The Westport Country Playhouse seeks a Development Fellow. Reporting directly to the Development Operations Manager, the Development Fellow provides administrative support for the development department. This position is a full time paid intern position, 40 hours per week with weekend duties. Must be available the weekend prior to Gala on Monday, September 19. Principal responsibilities include: enter Annual Fund donation information into Tessitura and ensure accuracy of daily gift entry; prepare all Annual Fund gift acknowledgements on a weekly basis; maintain hard copy and digital files for all individual and corporate donors and prospects; monitor inventory of office supplies and other pertinent materials and coordinate purchasing with Development Operations Manager; work with Development Operations Manager to facilitate board and individual stewarding; track fulfillment of donor recognition, ticket benefits and amenities; and more. Qualifications include: an understanding of and commitment to the mission of Westport Country Playhouse; strong attention to detail, with demonstrated project management, organizational, and research abilities including analyzing large volumes of information from disparate sources and synthesizing it in cogent and concise written form. Weekly stipend of $250. Full details here.

Sorelle Gallery Fine Art, located on Main Street, New Canaan, is seeking a polished, upbeat, and passionate part time Art Advisor. 24 – 32 hours/week. $14/hr to start, with performance-based quarterly monetary incentives. Qualified Candidates will possess the following: an outgoing professional that loves to help clients in the selection of artwork for their home or office and all things art gallery; a positive attitude and love working retail (weekend hours a must); can work independently; be creative, self-motivated, and is energetic; has a marketing/sales or retail background, is highly organized, detail oriented, and self-reliant; an impeccable phone manner and written communication skills; excellent computer skills with Apple products, Microsoft Office, with a knowledge of Adobe Photoshop and Illustrator a BIG plus; degrees in sales and marketing, business, or graphic design encouraged. Responsibilities include but are not limited to: aiding Director and Media Specialist in day-to-day gallery matters; accompanying Director on local, in-home art consultations; art installation; and more. Full details here. No phone calls or walk-ins.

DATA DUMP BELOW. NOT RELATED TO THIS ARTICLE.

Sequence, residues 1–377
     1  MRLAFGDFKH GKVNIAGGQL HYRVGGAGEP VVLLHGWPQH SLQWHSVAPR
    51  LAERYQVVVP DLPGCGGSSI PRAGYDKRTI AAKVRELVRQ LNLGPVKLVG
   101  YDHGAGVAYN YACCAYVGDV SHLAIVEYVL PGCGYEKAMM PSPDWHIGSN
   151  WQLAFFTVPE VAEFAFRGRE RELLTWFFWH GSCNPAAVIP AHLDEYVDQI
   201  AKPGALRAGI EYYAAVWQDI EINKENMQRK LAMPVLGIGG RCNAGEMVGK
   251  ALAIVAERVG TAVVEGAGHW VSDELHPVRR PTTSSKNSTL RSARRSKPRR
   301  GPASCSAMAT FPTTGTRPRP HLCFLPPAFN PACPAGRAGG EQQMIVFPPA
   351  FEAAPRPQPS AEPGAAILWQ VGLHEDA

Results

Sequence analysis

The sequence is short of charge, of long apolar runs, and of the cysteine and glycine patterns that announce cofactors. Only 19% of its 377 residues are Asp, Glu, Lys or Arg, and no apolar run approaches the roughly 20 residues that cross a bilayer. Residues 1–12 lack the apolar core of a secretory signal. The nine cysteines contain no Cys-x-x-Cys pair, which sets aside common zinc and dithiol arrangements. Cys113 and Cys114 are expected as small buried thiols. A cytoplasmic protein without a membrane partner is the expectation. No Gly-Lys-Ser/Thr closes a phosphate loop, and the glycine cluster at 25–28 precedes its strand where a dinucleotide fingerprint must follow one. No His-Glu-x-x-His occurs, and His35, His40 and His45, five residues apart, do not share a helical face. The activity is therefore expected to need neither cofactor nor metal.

Jobs Previously Listed and Still Available

P. T. Barnum Digital Collection Project: Project cataloger and metadata specialist
P. T. Barnum Digital Collection Project: Technical Coordinator
Coastal Arts Guild: Art Teachers
Fairfield University:  Museum Assistant
Lyman Allyn Art Museum: Director of Education
Mattatuck Museum: Director of Education
New Britain Museum of American Art: Director of Development
New Canaan Society for the Arts: Executive Director
Wesleyan University’s Center for the Arts: Director.
Yale University Art Gallery: Exhibition Production Manager
MEMBERS: Please post your Job Opportunities in FCBuzz Classifieds:

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Sept. c1: NEFA: New England States Touring (NEST) Deadline (for events post-Dec. 1)
Sept. c1: J.M. Kaplan Fund: Furthermore Publishing Project Grants Deadline
Sept. c7: USArtists International Application Deadline (for events 12/16-12/17)
Sept. 12: NEA Our Town Grant Deadline
Sept. 15: Amphion Foundation Application Deadline for Non-Performing Ensembles
Sept. 30: Deadline for Submitting Video of Public Art

Oct. c1: Grammy Foundation: Music Research and Preservation Grants LoI due
Oct. c3: Levitt Foundation AMP [Your City] Grants Awards Submission Deadline
Oct. 17: Shubert Foundation Theatre Grant Application Due

Dec. c1: Shubert Foundation Dance Grant Application Due
Dec. c1: USArtists International Application Deadline (for events 3/17-3/18)
The Cultural Alliance of Fairfield County is a 501(c)(3) organization. We are very grateful for the support of our individual and organization members, our individual donors and the following organizations.